"No. If you're claiming to be shorthanded, you don't get to do that stuff. I didn't come in to make your day easier. Took off my apron, said, 'See you later,' and that was that. Got a job at another restaurant a couple of days later."

u/Frodo_71

13."I worked at a movie theater for about four hours. I quit when someone threw a drink at me because it wasn't 'carbonated enough.'"

Movie theater employee scooping popcorn
Andresr / Getty Images

14."Worked at a Dollar General for two days. On my last day, a lady drops a jar of pickles, and the manager wants me to clean it up. I go find the mop. Inside, the bucket is filled with what looks like vomit that must have been cleaned up weeks prior. I find no soap and no place to empty and refill the bucket. So I go ask the manager where to refill it. She gets annoyed, tells me there is nothing wrong with the water already in it. 'I’ve been using it for weeks like that.' Nah, I quit."

u/datkidcudi

15."Worked at a mayonnaise factory and realized I couldn't stand the smell. Not the most fun day I've had."

Prime Video / Via giphy.com

u/_Fluffy_Ballz_

16."I quit a job at the City — Circuit City's failed attempt to remain relevant and, y'know, in business — the day I received my first weekly schedule. I was in college at the time. I had been very specific in the interview that my education would be my priority at all times. I had provided my availability, complete with leeway necessary to make the drive between work and school, should the need arise."

"The first schedule had me set to work during class — outside my availability — twice in the first week. I called the manager to get this addressed and was told that they would fix it for the next week, but I should go ahead and show up for these shifts or else I would give the appearance that this job was not my priority.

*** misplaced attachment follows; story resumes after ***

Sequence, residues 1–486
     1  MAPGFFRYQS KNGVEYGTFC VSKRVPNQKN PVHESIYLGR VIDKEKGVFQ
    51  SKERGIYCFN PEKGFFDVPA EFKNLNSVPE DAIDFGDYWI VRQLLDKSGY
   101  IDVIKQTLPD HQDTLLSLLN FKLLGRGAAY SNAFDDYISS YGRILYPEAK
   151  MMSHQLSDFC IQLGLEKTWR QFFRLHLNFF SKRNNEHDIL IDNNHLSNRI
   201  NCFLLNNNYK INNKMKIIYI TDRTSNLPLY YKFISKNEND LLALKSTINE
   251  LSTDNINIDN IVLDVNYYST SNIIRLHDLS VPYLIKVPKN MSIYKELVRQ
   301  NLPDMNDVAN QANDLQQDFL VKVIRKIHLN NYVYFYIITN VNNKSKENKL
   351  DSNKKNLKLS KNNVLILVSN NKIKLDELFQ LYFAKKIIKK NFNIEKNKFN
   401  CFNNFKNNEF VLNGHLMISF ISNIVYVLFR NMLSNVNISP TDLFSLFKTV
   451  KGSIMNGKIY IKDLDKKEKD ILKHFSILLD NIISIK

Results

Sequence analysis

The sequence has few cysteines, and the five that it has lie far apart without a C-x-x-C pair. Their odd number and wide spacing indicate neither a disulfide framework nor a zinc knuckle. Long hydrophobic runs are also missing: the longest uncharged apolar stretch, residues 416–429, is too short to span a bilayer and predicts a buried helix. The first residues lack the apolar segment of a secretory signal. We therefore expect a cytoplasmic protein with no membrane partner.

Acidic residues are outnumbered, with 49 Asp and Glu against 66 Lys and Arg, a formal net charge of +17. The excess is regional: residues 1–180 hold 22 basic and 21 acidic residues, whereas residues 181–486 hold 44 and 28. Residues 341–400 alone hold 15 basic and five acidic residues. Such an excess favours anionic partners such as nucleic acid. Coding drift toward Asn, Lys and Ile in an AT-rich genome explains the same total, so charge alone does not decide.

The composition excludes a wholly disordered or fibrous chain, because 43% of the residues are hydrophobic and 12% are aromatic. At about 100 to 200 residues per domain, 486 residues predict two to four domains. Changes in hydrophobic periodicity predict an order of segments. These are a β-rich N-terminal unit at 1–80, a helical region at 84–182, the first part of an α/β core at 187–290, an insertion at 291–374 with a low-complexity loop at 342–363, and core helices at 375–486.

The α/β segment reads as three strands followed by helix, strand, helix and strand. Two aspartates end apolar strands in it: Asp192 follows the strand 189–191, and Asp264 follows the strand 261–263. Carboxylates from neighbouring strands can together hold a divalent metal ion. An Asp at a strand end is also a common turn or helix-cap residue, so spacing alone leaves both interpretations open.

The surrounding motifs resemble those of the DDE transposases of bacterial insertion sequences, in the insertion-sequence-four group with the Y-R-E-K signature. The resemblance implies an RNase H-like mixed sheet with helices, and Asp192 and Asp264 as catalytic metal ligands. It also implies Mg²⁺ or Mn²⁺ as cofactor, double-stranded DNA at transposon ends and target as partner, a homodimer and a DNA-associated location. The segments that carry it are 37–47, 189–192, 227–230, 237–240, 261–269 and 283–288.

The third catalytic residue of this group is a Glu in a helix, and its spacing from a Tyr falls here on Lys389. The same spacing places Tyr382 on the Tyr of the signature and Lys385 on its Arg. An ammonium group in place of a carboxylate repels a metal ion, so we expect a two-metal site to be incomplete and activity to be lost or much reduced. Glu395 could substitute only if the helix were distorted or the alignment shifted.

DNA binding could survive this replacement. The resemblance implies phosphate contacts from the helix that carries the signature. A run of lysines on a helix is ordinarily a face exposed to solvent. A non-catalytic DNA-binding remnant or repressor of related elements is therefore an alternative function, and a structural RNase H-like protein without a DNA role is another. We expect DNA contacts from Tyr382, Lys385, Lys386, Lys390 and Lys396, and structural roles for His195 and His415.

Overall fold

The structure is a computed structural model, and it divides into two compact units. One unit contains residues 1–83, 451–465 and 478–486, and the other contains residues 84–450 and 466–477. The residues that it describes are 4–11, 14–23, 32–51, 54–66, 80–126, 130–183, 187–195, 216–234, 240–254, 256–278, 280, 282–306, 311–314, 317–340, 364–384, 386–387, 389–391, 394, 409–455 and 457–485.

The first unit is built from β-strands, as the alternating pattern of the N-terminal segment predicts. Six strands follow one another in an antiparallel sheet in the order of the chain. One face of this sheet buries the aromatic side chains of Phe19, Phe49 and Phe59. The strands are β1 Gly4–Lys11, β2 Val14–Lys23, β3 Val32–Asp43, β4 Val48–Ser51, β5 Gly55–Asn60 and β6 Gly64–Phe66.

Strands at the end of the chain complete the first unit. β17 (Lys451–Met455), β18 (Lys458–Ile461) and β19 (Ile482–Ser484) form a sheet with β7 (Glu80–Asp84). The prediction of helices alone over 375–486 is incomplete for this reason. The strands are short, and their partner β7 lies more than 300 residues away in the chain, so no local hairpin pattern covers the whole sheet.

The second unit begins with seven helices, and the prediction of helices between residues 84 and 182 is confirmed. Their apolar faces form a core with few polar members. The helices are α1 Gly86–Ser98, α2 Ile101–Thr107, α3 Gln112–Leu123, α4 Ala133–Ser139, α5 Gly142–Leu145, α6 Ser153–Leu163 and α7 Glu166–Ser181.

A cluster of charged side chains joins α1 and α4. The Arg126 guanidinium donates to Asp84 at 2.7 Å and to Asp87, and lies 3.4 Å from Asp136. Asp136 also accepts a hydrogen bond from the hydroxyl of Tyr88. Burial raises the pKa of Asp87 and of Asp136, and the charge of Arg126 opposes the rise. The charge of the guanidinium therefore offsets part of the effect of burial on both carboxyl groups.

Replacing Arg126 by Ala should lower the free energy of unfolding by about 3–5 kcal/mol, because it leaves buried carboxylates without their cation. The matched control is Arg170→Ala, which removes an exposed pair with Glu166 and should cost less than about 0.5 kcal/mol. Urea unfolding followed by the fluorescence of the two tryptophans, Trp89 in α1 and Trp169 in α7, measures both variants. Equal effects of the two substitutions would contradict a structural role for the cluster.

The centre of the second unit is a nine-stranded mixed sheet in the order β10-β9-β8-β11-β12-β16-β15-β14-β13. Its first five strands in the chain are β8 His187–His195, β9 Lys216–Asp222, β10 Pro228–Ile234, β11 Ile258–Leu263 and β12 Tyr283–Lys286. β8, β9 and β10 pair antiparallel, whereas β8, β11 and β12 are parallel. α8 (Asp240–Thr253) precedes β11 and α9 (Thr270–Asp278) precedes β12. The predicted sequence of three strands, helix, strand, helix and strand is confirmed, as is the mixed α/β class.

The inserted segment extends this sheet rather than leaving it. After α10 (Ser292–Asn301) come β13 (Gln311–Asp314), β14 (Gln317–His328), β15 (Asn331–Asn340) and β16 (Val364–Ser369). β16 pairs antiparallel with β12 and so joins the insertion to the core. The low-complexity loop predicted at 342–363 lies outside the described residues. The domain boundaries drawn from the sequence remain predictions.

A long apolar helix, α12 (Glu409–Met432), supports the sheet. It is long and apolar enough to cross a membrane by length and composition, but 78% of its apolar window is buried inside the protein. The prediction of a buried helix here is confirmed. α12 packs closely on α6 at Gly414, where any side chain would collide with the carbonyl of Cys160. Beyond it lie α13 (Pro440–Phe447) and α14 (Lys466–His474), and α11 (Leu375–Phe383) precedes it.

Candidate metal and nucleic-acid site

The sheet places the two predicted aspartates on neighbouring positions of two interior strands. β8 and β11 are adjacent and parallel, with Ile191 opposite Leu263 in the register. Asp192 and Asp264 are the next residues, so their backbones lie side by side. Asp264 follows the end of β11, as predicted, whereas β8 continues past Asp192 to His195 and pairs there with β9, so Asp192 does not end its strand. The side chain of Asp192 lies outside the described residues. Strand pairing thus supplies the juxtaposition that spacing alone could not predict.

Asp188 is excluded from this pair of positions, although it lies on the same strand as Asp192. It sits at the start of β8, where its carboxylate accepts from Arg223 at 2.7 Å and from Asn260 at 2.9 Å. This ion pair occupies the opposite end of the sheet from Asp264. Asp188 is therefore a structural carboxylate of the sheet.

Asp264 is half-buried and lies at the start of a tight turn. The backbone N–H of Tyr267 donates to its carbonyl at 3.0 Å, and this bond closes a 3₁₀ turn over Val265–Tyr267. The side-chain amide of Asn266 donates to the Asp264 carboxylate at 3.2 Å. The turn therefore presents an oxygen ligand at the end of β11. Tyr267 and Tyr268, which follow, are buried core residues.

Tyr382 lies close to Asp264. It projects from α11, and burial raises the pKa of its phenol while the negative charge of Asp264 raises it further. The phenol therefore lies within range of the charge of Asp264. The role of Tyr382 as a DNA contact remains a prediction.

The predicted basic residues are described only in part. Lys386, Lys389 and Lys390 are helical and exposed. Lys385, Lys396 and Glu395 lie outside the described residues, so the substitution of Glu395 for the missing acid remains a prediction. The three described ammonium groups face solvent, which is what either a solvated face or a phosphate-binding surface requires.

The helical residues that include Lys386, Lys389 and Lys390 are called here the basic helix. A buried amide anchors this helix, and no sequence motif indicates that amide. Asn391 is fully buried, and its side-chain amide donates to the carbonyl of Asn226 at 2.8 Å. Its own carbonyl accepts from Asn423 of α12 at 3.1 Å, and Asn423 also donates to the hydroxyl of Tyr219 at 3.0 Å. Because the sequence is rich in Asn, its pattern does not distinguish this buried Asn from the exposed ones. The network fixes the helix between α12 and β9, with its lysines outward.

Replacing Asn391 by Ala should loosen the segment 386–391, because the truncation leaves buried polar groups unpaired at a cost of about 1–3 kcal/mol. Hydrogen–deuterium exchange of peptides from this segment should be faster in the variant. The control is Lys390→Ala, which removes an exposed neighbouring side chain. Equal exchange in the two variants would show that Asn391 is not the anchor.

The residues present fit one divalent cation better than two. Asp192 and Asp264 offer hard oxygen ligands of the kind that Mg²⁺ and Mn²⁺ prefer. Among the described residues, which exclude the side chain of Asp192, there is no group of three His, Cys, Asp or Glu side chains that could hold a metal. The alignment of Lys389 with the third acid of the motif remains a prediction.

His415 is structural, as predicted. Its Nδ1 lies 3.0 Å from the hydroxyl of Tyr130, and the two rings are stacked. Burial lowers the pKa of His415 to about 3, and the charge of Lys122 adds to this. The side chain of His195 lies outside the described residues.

"I reminded them it wasn't my priority and quit."

u/N_Who

17."I stocked grocery shelves at night the summer I graduated from high school. It was a 10 p.m. to 6 a.m. shift. I hated it right away, and my back hurt like hell. The folks I worked with were like no other people I had met, the sort that only come out at night. It was also weird watching everyone drive to work as I was driving home, and trying to fall asleep at 7 in the morning. I quit in under two weeks."

Man restocking produce at the grocery store
Jacoblund / Getty Images/iStockphoto

18."Kids' soccer referee. The parents were just horrible. These kids were 6 to 8 years old — they're not coordinated, and they trip over each other constantly, but the parents would scream at me every time they fell over or kicked the ball at the kid picking flowers. I think I lasted three games."

u/CamelSpotting

19.And finally, "I was a debt collector for a couple of months. I had no knowledge how debt collection worked prior to starting this job, and to this day I am shocked that it is legal. Whenever you default on a loan and it goes to a third-party debt collection agency, your debt is bought and sold for pennies on the dollar."

Starz / Via giphy.com

"On the screen when I would collect a debt, I would see a percentage of the total amount they owed that would indicate the absolute lowest I could settle their account for. However, most agents would never go that low because we would get commission on all of the debt we settled over that amount.

"That’s right — we would get a commission on debt we collected from people who were unable to pay, and were incentivized to make them pay more than they actually had to pay.

"I remember during my first week, I was trying to collect on an account that was owed by a guy who lost everything because he had cancer, and my heart dropped, and I told him he owed the lowest amount I could settle the account for. I was written up the same day by my boss because I didn’t try to get him to pay more.

"Anyways, I made it a little over a month with that company, and most of that was spent in training. Fuck that place."

u/jesusinaprius

What's the fastest you've ever quit a job and why? Sound off in the comments!

Note: Some responses have been edited for length and/or clarity.